Franklin James Cook

Several Mental Health Champions Missing from 111th Congress

In Advocacy, Policy on January 2, 2009 at 1:58 pm

ORIGINAL REPORT — In the edition of Psychiatric News published online today, reporter Rich Daly highlights the loss of mental health champions in the 111th Congress, noting that “the departure of several of Capitol Hill’s strongest mental health advocates will be felt by APA [American Psychiatric Association] and other like-minded advocates when the new Congress convenes later this month.”

Several longstanding mental health advocates retired at the end of the 110th Congress, including Rep. Jim Ramstad (R-Minn.), and Sen. Pete Domenici (R-N.M.), while Sen. Gordon Smith (R-Ore.) lost his bid for reelection … In 2007 Ramstad and Rep. Patrick Kennedy (D-R.I.) embarked on a nationwide tour to highlight the importance of mental health insurance parity that used a series of field hearings to galvanize support for legislative action … Domenici’s accomplishments include extensive leadership on mental health parity, as well as legislation to fund more mental health services for public school children … Smith is most known for sponsoring the Garrett Lee Smith Memorial Act, to create screening programs to identify and help youth at risk for suicide.

Smith and his wife Sharon’s son Garrett–who is memorialized through the legislation Sen. Smith sponsored–died by suicide in 2003 when he was 21 years old. The Smiths have provided leadership through avenues such as Sharon Smith’s service on the board of directors of the Suicide Prevention Action Network (SPAN USA), and they have gained the respect and admiration of the national suicide prevention community. It is widely hoped among suicide prevention proponents and survivors of suicide loss that their influence will continue to be seen and felt even though they no longer represent Oregon in the U.S. Senate.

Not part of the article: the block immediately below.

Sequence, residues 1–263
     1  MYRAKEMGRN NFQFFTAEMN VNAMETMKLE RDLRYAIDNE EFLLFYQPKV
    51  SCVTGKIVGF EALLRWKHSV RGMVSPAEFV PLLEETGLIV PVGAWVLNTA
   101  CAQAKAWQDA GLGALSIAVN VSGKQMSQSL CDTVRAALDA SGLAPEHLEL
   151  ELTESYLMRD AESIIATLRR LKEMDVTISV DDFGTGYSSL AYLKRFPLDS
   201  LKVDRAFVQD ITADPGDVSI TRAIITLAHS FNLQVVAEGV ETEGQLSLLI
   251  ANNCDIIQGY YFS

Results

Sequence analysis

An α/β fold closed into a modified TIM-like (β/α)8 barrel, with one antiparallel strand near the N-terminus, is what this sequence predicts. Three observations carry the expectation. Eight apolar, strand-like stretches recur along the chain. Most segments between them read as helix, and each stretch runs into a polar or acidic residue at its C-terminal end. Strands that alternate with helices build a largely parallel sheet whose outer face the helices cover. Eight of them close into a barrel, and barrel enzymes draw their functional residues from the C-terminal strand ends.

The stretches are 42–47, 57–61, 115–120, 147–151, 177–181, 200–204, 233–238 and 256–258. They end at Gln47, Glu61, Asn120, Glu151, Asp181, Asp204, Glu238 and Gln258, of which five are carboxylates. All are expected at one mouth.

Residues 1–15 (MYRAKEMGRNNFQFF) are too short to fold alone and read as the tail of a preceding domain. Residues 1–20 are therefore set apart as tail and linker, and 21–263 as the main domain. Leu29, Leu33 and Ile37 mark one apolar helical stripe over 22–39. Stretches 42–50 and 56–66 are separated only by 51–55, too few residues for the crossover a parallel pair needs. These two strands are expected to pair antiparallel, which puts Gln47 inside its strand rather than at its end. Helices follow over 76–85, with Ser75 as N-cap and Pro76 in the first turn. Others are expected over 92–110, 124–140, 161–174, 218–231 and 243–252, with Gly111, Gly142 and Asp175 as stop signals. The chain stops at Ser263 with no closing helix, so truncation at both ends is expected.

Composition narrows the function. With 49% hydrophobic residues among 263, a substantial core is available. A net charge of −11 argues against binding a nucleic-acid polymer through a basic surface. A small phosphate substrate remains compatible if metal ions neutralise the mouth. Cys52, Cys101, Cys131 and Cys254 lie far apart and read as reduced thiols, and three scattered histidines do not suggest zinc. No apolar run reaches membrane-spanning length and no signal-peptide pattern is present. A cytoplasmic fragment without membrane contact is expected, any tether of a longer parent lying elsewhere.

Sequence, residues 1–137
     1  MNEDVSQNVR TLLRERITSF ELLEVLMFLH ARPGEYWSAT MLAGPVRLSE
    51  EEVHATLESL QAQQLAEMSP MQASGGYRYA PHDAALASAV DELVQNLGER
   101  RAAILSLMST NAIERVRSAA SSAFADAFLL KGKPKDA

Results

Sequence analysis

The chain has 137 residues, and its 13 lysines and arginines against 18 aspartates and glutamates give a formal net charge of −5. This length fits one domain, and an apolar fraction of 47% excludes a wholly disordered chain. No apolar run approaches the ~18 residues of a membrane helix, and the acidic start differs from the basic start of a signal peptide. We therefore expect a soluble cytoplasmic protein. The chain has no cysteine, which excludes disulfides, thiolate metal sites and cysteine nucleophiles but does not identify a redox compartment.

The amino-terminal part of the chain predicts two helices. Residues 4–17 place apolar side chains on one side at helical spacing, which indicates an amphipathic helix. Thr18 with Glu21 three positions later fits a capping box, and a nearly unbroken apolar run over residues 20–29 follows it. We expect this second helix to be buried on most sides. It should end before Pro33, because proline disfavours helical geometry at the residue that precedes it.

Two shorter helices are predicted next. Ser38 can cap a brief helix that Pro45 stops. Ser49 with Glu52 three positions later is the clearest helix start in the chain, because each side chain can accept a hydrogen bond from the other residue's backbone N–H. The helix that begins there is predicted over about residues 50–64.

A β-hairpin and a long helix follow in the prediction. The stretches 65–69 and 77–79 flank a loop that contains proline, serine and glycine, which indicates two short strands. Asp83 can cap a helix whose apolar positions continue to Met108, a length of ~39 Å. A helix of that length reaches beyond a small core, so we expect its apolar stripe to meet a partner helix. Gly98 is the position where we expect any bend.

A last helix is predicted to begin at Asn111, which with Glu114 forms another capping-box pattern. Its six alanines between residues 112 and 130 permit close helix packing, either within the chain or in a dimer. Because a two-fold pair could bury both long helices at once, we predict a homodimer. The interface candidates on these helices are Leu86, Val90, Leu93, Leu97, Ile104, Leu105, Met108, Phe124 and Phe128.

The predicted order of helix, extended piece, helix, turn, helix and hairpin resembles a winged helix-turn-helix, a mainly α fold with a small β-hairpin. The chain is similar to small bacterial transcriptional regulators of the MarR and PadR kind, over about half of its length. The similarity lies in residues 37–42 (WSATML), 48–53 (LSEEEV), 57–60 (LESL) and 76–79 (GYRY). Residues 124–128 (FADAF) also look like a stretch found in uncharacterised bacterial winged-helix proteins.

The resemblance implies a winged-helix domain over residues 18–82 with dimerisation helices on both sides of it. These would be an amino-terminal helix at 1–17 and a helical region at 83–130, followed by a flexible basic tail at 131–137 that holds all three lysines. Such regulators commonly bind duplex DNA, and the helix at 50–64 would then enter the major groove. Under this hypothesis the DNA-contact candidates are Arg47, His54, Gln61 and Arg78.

The report in the Psychiatric News also points to some of the strong proponents of mental health care who remain in Congress, including

[Rep. Patrick] Kennedy and his father, Sen. Edward Kennedy (D-Mass.) … [who] has … dropped his chairmanship of the powerful Judiciary Committee to focus full time on health care reform … Continued support also is expected from … Rep. Chris Van Hollen (D-Md.), chair of the Democratic Congressional Campaign Committee; Rep. Steny Hoyer (D-Md.) the House majority leader; and Sen. Harry Reid (D-Nev.), the Senate majority leader. Reid, who lost his father to suicide, and the other Democratic leaders were supportive of a mental health parity law and a law to end Medicare’s discriminatory copayments for outpatient mental health care.

And several new members of Congress are expected to add their energies to advancing the cause of improved mental health care in America:

Rep. Paul Tonko (D-N.Y.), a former New York State Assembly member who was a sponsor of New York’s mental health parity law, “Timothy’s Law,” enacted in December 2006.

Rep. Jon Adler (D-N.J.), supported several issues of concern to APA and other mental health advocates as a state senator including a state mental health parity bill, youth suicide prevention programs, and postpartum depression awareness campaigns.

[The abridged URL for this post is .]

[Related SPNAC post: “Suicide Prevention Champion Not Re-elected To Senate” ]

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